Anyway, I’m still wrapping my head around the arguement, but I think it does help me with one problem. I’ve always been dissatisfied with the agnostic/atheist debate. It’s fine to say that you’re undecided about the existence of the supernatural, but at some point you are going to have to decide how to live. Being fully agnostic is probably impossible, since at some point you’re going to have to either go to church and sing the hymns or stay home.


[*] for a very academic value of “now,” by which I mean that it’s long been understood this way by many scholars of religion – but not many others – and it’s just now trickling out to people like me.

  • ctcss

    I think a person can (with intellectual honesty) think that it may not be possible to know where truth lies. However, that does not excuse someone from not trying to arrive at a thoughtful, compassionate, reasoned stance from which action can be taken (either from a believing or non-believing standpoint) until a clearer understanding of things is gained.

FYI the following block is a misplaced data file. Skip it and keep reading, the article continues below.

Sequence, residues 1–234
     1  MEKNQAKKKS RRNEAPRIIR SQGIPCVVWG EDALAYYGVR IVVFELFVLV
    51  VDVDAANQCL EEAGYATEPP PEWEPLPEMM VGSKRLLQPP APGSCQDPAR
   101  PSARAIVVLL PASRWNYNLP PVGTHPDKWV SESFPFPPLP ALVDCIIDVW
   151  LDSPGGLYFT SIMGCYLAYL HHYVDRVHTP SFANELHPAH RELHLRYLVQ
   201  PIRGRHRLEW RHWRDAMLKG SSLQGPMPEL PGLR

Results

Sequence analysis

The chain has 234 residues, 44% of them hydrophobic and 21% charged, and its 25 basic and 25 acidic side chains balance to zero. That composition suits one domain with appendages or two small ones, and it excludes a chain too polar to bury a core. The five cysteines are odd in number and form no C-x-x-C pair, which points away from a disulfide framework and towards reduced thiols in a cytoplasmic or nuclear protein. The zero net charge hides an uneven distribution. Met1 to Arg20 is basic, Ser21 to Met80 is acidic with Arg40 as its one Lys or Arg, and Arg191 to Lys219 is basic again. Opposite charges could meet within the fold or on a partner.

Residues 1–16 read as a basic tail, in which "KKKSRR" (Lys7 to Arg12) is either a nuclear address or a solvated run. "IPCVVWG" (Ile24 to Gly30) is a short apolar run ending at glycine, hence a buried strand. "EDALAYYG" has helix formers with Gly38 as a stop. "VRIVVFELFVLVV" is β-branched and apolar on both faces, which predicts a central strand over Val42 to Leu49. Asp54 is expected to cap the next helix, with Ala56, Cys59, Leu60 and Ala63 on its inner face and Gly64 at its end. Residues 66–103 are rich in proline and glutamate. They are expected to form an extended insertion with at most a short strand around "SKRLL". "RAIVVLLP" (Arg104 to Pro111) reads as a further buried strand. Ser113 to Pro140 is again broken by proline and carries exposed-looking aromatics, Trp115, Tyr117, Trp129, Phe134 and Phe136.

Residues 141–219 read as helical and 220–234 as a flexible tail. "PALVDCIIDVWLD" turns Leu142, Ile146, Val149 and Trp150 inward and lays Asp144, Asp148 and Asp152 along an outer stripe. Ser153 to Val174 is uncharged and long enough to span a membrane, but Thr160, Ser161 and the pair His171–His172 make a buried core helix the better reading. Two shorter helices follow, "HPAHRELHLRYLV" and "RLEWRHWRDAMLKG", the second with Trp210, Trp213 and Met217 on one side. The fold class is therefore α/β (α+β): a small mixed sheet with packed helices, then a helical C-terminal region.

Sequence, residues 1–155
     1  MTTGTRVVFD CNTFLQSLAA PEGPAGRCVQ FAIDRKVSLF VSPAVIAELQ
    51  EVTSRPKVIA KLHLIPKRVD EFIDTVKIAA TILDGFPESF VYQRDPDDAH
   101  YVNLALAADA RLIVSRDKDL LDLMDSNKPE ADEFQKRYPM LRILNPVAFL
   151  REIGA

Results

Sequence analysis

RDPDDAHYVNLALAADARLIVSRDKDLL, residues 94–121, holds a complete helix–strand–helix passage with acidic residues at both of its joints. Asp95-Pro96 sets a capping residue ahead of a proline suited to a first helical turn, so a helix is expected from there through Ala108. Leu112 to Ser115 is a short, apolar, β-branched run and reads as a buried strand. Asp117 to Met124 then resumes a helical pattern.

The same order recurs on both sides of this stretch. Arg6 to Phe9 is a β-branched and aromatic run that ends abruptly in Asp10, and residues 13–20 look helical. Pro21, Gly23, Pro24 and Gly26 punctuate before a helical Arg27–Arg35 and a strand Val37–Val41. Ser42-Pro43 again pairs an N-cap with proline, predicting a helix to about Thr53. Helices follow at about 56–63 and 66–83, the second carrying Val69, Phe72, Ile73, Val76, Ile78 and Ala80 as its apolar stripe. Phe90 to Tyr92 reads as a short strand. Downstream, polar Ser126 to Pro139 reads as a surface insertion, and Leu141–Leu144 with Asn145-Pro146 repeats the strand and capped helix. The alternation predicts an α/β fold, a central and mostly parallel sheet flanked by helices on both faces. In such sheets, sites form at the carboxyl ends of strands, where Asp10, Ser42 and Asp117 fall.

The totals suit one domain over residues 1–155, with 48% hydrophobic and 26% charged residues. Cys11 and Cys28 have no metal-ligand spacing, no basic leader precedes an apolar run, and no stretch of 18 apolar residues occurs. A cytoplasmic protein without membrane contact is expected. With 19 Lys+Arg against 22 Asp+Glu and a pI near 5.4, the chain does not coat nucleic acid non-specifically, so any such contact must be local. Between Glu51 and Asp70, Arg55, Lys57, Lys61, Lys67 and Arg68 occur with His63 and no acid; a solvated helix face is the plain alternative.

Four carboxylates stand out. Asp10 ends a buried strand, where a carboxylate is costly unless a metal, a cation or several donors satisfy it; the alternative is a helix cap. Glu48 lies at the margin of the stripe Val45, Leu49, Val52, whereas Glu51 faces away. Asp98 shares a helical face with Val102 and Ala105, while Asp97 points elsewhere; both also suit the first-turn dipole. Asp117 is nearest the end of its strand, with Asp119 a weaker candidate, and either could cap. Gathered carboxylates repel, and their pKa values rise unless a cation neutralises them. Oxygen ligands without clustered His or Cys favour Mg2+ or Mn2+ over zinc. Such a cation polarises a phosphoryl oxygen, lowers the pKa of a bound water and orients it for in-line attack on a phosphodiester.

An honest and thoughtful post.

  • vasaroti

    “faith is actually a verb; it’s not really in the creed you recite, it’s in the rituals you perform..etc.”
    That would mean that those clergy who no longer believe, but continue to earn a living by reciting, performing rituals, and supporting their church community are actually faithful. Think I’ll stick to the dictionary definition, thanks.

  • Ryan

    As a Hindu, I agree completely with the idea that a religion is primarily to be done and experienced and only secondarily believed. If someone doesn’t consider the experience itself valuable, it means the religion is not for them, or perhaps is not for them at this point in time, if we allow for the changability of people.
    Incidentally, I am one of those people who thinks it is not entirely possible to know where the truth lies. I believe a number of things that you obviously don’t agree with(existence of the divine, etc.), but I don’t honestly care if you agree with me, and I would never say I know these things to be true. Not knowing doesn’t change the actions, though, because I think the experience is a good one even if those particular beliefs are not true.

  • joeclark77